We are supposed to be a democracy “of the people, for the people, and by the people.” U.S. lawmakers are all for more competition–just as long as they do not have to compete. This reality is underscored by the incumbency rate of almost 80% in the House and the Senate since 1964, according to a study by the Center for Responsive Politics.
The Democrats and Republicans both have manipulated the redistricting process so that they get to select their voters before the voters have a chance to choose them. This process is most commonly known as gerrymandering, in which both parties try to draw the district boundaries to include areas that are favorable to their candidates, mostly incumbents, while excluding areas that are unfavorable.Therefore, they do not have to worry about serving the people. However, when they do work they pass the legislations without reading the bill as declared by Congressman John Conyers. The unintended or perhaps intended consequences are loopholes that Congress spends decades in reforming them while creating more loopholes. A perfect example is our tax laws where the working income is taxed at a higher rate than the non-working income.
The Two-Party monopoly has total control over how the American people view their candidates for president when it comes to presidential debates. For example, during the 2012 debates, both parties mutually agreed to a 21-page memorandum (MOU) on the debates’ rules, which included whether the candidates can ask questions to each other or how high their chairs should be.
The nonpartisan League of Women Voters (LWV) sponsored the presidential debates from 1976 until 1988. However, the LWV refused to participate in response to both campaigns’ demand to control the questions, the composition of the audience, and hall access for press and others as parts of the presidential debate in 1988. Their October 3, 1988 press release states: “The League of Women Voters is withdrawing its sponsorship of the presidential debate scheduled for mid-October because the demands of the two campaign organizations would perpetrate a fraud on the American voter. The League has no intention of becoming an accessory to the hoodwinking of the American public.”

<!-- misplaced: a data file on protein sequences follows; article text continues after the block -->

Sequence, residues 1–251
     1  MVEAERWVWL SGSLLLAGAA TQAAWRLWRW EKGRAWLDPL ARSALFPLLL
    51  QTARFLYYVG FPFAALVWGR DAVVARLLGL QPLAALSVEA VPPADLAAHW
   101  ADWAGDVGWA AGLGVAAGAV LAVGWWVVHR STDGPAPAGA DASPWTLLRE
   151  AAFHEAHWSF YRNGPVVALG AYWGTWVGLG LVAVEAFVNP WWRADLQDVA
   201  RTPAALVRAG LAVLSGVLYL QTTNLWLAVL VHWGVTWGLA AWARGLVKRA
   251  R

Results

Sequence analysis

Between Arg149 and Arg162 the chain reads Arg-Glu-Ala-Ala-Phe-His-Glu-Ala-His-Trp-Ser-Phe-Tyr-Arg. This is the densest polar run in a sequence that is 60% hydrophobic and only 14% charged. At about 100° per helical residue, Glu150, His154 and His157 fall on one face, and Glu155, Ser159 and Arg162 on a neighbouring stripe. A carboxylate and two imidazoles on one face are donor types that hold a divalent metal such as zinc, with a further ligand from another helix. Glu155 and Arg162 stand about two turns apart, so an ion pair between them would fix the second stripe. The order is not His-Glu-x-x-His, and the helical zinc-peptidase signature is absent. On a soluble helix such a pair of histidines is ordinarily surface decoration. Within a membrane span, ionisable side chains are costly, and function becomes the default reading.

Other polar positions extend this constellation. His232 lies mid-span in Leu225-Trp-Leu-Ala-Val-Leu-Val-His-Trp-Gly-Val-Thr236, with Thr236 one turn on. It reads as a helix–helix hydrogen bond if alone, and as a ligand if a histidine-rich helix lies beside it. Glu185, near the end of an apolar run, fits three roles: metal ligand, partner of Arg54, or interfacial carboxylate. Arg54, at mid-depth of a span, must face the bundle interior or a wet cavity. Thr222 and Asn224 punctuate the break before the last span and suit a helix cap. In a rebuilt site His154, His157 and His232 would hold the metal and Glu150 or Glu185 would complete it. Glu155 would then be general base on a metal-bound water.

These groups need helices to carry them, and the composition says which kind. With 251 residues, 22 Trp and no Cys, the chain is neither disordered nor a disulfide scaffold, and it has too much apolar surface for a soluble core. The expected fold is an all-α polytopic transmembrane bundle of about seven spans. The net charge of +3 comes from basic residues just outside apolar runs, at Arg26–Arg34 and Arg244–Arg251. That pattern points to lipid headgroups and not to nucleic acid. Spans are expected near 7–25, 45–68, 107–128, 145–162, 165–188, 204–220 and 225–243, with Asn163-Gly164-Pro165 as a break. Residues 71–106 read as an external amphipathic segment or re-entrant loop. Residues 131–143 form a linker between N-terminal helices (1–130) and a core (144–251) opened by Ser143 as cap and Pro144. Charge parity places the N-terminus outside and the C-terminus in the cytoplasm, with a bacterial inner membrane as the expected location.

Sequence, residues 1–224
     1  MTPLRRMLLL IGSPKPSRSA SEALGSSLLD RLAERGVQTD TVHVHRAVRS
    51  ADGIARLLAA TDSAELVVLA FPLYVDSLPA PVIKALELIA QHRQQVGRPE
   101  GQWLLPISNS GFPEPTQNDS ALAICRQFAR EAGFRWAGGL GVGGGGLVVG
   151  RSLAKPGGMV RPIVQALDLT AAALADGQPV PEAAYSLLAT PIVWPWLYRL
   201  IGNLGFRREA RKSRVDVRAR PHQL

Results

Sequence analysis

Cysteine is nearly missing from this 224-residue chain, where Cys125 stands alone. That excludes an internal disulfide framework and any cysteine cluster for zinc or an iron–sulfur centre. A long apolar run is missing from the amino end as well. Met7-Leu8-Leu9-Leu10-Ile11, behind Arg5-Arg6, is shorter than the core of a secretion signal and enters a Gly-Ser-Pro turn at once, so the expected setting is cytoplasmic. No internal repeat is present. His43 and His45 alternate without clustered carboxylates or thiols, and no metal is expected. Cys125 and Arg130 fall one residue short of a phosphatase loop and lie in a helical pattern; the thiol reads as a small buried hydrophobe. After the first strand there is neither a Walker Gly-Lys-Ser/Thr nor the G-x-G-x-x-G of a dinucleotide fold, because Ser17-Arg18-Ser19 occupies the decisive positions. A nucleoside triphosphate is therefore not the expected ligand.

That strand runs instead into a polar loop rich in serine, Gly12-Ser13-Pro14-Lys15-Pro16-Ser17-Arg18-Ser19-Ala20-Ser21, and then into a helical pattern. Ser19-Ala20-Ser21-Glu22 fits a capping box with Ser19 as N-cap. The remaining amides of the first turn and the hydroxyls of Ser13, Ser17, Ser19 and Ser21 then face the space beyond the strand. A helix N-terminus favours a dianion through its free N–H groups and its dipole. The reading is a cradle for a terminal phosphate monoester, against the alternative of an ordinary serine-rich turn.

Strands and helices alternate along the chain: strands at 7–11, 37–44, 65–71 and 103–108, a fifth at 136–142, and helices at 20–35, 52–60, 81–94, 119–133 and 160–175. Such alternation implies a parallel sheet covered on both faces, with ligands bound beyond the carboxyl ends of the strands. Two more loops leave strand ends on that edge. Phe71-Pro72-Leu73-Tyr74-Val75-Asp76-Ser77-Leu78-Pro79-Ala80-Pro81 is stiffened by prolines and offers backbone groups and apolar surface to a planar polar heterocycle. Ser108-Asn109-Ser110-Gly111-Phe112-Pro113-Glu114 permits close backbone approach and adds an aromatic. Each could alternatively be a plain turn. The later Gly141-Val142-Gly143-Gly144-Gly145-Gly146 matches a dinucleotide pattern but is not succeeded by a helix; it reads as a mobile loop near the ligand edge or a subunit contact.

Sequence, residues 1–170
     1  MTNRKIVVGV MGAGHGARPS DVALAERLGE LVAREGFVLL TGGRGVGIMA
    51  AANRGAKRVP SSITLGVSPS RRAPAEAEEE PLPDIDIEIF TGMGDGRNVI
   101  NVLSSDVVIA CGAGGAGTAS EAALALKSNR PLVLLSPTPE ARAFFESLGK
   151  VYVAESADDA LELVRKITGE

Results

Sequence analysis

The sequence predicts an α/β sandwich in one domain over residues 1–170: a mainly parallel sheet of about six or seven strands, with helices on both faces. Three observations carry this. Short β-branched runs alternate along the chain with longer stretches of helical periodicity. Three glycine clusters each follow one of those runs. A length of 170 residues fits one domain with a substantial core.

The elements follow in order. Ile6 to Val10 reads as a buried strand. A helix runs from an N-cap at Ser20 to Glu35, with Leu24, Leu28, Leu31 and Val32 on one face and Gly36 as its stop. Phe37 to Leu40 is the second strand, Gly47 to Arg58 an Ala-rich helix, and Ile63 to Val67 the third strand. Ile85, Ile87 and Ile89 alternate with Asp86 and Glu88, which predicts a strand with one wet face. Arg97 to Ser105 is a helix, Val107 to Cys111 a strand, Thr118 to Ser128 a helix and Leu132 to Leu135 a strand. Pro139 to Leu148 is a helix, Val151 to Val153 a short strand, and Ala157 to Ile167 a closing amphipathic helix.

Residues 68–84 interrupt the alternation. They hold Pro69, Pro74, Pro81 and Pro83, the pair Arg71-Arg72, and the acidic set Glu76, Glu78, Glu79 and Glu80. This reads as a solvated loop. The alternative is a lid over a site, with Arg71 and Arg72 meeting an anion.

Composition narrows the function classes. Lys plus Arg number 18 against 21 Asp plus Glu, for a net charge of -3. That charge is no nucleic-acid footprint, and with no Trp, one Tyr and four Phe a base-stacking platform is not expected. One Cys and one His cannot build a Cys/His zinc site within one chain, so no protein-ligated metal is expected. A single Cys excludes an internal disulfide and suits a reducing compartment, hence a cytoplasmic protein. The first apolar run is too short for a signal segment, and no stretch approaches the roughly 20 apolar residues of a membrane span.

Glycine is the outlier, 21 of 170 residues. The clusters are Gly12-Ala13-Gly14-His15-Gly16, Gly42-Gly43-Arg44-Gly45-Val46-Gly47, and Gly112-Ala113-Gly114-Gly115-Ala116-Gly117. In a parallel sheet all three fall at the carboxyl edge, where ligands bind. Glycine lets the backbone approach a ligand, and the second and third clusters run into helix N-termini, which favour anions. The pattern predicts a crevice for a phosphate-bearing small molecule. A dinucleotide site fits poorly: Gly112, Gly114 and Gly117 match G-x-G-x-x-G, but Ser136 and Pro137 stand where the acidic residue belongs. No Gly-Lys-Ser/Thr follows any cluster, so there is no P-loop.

Thus began the exclusive control of the presidential debates by the Democrats and Republicans in 1988 through the official-sounding name the Commission on Presidential Debates (CPD). It should be noted that this group is not a government entity but a bipartisan nonprofit, tax-exempt organization represented by two co-chairman, one from each party. With an orchestrated setup like this, and the media’s complicity in accepting such conditions in order to host the debates, third party candidates have virtually no chance of presenting their case to the American public.
Both parties have conditioned the populace in believing that a two-party system is best for the country – perhaps in the 20th century. But we cannot afford to have a 200 year-old two-party model in the 21st century especially when both major parties are focused on dividing the country rather than uniting us. The only way out of this quagmire is to introduce real competition in electing our leaders through a third party that puts the country first before the party.